Your Motorcycle Touring Personal Checklist

How To Make Sure You’ve Got Everything You Need Before You Leave Home

Here is a suggested list to help you make sure that you’ve got all the kit and personal gear you might need.    This is to be balanced off with the foundation stone of adventure motorcycle touring where less is more.

Documents

  • Passport
  • Travel Insurance Documents – if you require assistance then there will be contact details in your documentation.   Also, do read your insurance and see what the terms and conditions are.  You will need to contact the insurer within a set time from the time of the incident.  Find out what that is.
  • Tickets and Passes
  • Carnet
  • Registration and Ownership Documents for Bike.  Also note, if you are not the registered owner of the bike you will require a Letter of Permission from the owner stating you are allowed to use it.  This is particularly pertinent when arranging a self-guided tour.  The tour operator must provide you with a letter stating you are the designated rider.
  • Driving License/ International Drivers Permit
  • Vaccination Certificates – keep this with your passport.
  • Marriage Certificate if travelling as a wedded couple
  • Cash – don’t forget to carry a few hundred dollars in US currency
  • Credit/Debit Cards – I carry both a credit card and a debit card.  Also, make sure the cards are ‘active’.  So do a few transactions on all cards just before you leave.
  • Scanned copy of all documents sent to a Gmail or other account that can be accessed via a web interface.

Clothing and Personal

This is in addition to your riding gear of course. Pack pretty much what you need for the climate and places you’re going to.  Do take:

  • Sturdy walking shoes
  • Hat
  • Sunglasses

Here are few things to avoid:

  • Women travellers need to be aware dress customs in some countries, particularly Muslim countries.  No bare arms, legs or cleavages.
  • If you are in the habit of wearing jewellery, leave it at home.  A flashy gold bracelet immediately signals you as a target.
  • Don’t wear flamboyant or what appears to be expensive clothing.  Khaki is fine.

If you wear prescription glasses, it is a MUST to take two pairs of your glasses. If you break a pair out on the road, you may be in trouble with getting an optometrist to get you another pair.

I carry four pairs of prescription glasses:-

  1. 2 pairs of my everyday glasses; and
  2. 2 pairs of my prescription sunglasses.

Toiletries

Don’t go overboard here, as you can still clean your teeth quite effectively without toothpaste.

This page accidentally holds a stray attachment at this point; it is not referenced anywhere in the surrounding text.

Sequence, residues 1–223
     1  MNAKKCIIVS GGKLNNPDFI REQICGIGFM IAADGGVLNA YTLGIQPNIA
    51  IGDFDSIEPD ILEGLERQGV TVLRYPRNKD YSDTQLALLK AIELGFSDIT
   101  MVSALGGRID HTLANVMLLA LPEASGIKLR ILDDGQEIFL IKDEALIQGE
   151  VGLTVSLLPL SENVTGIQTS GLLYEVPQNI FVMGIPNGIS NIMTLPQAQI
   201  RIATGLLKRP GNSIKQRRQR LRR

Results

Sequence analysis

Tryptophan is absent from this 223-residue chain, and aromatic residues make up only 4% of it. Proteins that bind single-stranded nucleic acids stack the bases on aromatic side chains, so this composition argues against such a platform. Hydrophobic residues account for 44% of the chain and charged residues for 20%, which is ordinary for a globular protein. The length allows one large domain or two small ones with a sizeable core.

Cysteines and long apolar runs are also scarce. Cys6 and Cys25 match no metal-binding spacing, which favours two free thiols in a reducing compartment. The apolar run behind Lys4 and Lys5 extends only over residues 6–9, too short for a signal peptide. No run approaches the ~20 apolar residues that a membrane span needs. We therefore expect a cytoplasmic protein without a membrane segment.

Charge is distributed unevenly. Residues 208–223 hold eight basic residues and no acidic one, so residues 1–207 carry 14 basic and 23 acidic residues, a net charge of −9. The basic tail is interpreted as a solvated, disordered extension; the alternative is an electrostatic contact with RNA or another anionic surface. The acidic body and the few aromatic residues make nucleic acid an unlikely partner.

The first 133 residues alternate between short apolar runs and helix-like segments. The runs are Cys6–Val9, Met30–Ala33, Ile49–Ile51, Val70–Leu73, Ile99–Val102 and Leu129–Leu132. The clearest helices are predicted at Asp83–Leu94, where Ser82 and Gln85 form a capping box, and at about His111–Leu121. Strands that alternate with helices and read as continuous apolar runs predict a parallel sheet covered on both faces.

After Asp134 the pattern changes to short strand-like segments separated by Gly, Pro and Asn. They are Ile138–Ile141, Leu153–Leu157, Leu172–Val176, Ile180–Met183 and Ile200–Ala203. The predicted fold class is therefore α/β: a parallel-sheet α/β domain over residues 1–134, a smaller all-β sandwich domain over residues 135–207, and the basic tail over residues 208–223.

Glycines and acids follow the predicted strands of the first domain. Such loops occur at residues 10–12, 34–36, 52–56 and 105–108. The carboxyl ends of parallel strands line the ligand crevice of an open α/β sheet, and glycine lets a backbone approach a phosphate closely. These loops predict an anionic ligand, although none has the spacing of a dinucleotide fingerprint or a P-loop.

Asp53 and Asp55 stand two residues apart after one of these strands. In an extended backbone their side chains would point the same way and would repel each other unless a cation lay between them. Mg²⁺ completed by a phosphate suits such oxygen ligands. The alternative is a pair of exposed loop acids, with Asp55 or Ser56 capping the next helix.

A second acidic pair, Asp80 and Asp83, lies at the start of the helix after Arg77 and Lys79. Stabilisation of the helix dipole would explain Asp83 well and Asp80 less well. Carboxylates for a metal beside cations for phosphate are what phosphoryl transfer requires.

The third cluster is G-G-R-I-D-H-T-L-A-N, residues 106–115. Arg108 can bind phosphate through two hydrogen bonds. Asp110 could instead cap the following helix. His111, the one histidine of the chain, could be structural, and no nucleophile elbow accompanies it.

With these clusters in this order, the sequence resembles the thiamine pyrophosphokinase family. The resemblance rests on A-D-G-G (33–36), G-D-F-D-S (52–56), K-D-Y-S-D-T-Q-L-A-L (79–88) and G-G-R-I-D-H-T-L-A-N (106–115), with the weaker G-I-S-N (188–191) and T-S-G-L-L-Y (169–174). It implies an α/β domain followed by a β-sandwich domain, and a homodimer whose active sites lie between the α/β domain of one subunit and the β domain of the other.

• Toothbrush, toothpaste, dental floss
  • Soap in vented soap container – nothing is worse than a cake of soap that has become a gooey blob.
  • Shaving supplies – or better still, just don’t shave.  Arrive home with a growth, it makes it look more authentic.
  • Microfibre towel – these are great.  Quick drying and roll up into a tight little bundle.
  • For women riders – best to take personal hygiene products from home.

Medical Supplies

As a minimum, take the following.

  • Sun Screen
  • Insect Repellent – absolutely vital in malaria prone areas
  • Pain Killers
  • Gut Pack – a selection of targeted antibiotics in the event of a stomach/bowel infection or a bladder infection.   Also includes rehydration salts.  Your travel medical center will put one of these together for you.
  • Malaria Prophylaxis
  • Anti-fungal creams – anybody whose suffered some fungal growth around the groin will know about this one.
  • Antiseptic powder – these tend to be better than the creams, as they can help dry out a graze or a cut.
  • Bandages and Band-Aid type plasters
  • Eye drops and eye bath
  • Personal Prescription Medications – make sure you have a letter from your doctor stating what they are.
  • Tweezers and sharp probe to dig out splinters.
  • Small pair of sharp stainless steel scissors.
  • Nail clippers or nail scissors capable of trimming toenails. If left grow too long, they can start to in-grow; and that spells much discomfort.

Miscellaneous

There are numerous things that you might need; in fact the list is dynamic.  Here are a few that typically don’t find their way onto such lists in books.

  • LED head light – they look like the old fashioned miner’s lamp, in that they fit on your head with a strap.  Great because they keep both hands free and the light shines wherever you point your head.
  • Cheap pens and pencils – wherever you go in developing countries you’ll soon or later be surrounded by some kids.   A gift of a pen to these kids means the earth.
  • Multifunction tool kit – combination of pliers, cutters, wire strippers… you name it.

 
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Cheers

Keith Signature